Last Monday night (10th August) Dr Peter Adam delivered the Second Annual John Saunders Lecture in the Chapel of Morling College. His topic was Australia – whose land? The following day a very brief report of the lecture appeared on the Sydney Morning Herald website and in the week following various references to the event have continued to bubble up on websites around the world. An article even appeared in the Church of England Newspaper (UK) replete with opinions from Keith Windschuttle: “the politics of Aboriginal romanticism that Rev Adam endorses have little basis in reality”. The ‘History Wars’ have now come to the Anglican Communion (as if they didn’t have enough other things to argue about).
The level of reportage has generally been very poor, virtually every account has focussed on the series of recommendations that Dr Adam put forward at the end of his address. Particular attention has been given to Dr Adam’s call for the descendants of those who have arrived since British colonisation to make recompense, including asking the traditional owners of this country whether they would like the later immigrants to leave. Unfortunately, the radical nature of Dr Adam’s suggestions has overshadowed the substance of his lecture, particularly the theological, ethical, and social assumptions upon which it rests.
Dr Adam delivered a powerful lecture with gravity and sensitivity. The entire address was a stunning example of disciplined Christian ethical argument. The great shame of the evening was that there were only about 50 people there to hear it. The full text of the lecture was made available on the night and is also available electronically from the Ridley College website. I strongly encourage people to read it.
It is never easy to give an academic lecture on guilt to a room full of guilty people. There are two quite predictable reactions from the audience: either, a civilised denial expressed through detailed lines of questioning designed perhaps to probe for loopholes in the argument under the guise of academic rigour, or at least to elevate the discussion from the concrete (my guilt), to the less confrontational and abstract (‘Guilt’). Alternatively, hearers engage in a detailed self-examination that quickly becomes self-flagellation, designed, I think, as a public confession and work of penance but concealing within it a ‘self’-re-gathering/reinforcing act of judgement against those who cannot bring themselves to make a similar act of contrition. It’s much easier to say ‘sorry’ to a room full of civilised, academic (white) people against whom you’ve done nothing, and moreover, it gives you a certain gratifying moral power.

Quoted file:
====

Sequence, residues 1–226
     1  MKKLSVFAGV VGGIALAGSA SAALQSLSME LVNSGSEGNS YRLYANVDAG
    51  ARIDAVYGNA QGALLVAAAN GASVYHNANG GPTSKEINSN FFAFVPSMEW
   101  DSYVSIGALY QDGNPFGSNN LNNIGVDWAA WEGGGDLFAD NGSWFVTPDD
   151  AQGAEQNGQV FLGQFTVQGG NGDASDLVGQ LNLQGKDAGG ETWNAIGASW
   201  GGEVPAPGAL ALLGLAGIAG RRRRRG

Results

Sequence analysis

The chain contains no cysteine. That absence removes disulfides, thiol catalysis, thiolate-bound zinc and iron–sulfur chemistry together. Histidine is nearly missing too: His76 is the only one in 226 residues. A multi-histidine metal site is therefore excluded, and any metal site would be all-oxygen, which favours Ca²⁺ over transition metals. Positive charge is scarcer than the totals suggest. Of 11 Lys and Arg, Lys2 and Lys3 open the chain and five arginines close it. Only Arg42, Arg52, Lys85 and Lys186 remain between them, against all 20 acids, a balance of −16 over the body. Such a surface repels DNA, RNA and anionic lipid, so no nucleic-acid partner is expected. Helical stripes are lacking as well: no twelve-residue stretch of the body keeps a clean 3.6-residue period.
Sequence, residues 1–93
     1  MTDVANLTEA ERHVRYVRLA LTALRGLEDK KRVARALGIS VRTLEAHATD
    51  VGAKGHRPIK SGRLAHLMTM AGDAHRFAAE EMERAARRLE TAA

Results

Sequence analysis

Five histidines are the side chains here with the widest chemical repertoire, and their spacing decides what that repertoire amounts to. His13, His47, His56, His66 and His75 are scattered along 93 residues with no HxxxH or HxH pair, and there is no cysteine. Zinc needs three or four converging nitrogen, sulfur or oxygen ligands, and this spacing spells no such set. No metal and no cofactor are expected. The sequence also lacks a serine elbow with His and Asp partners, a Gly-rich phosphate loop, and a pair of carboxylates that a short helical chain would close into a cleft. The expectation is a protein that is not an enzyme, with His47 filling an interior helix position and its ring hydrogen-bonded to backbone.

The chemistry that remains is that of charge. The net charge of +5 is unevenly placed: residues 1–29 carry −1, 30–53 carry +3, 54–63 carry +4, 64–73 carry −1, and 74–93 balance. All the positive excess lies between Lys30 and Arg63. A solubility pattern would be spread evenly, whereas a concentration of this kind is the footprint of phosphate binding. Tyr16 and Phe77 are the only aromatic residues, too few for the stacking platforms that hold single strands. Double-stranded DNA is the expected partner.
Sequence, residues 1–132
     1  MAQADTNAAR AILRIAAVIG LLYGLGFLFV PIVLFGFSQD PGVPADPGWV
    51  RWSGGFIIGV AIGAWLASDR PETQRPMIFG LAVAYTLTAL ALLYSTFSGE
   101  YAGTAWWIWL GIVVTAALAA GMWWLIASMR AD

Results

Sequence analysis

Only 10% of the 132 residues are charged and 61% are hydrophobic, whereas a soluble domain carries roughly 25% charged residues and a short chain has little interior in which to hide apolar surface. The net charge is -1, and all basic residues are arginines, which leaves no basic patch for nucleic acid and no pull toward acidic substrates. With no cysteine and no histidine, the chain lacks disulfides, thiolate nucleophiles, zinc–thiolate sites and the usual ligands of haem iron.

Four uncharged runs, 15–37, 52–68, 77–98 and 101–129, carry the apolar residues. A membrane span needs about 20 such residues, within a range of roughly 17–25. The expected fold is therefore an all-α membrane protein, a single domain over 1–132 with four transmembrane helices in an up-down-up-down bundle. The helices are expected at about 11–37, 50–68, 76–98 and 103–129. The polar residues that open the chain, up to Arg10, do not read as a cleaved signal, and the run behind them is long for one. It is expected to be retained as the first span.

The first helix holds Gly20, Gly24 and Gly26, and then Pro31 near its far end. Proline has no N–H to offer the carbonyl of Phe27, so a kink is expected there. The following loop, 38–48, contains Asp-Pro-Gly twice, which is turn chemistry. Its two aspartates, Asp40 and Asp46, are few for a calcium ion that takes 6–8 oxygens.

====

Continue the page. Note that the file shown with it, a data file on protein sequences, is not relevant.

My natural reactions tend toward the former. After hearing Dr Adam speak I had a mind full of questions and exceptions. It was hard work just to sit still and consider his argument. I think that this was a good discipline for me to practice. However, I think we do need to go further. And that requires us to think a little bit further about the dynamics of moral discourse.
Our thinking about the processes of moral reasoning often focus on the active dimension of the task (what are the marks of a sound moral argument? what are the virtues of a good moral reasoner?). However, our participation in moral reasoning does not only occur from this ‘active’ direction. Sometimes (often?) our engagement with moral reasoning comes when we are the focus of moral exhortation: when, for example, we are called upon to do justice or make recompense. How do we engage with moral reasoning from this direction? What are virtues of a good moral Hearer?
Lest, you think that this takes us a long way away from the ethics of Indigenous Reconciliation, I think we will find that the central ethical difficulty in our practice of ‘Ethical Hearing’ is also the central problem for our discussion of the ethics of reconciliation.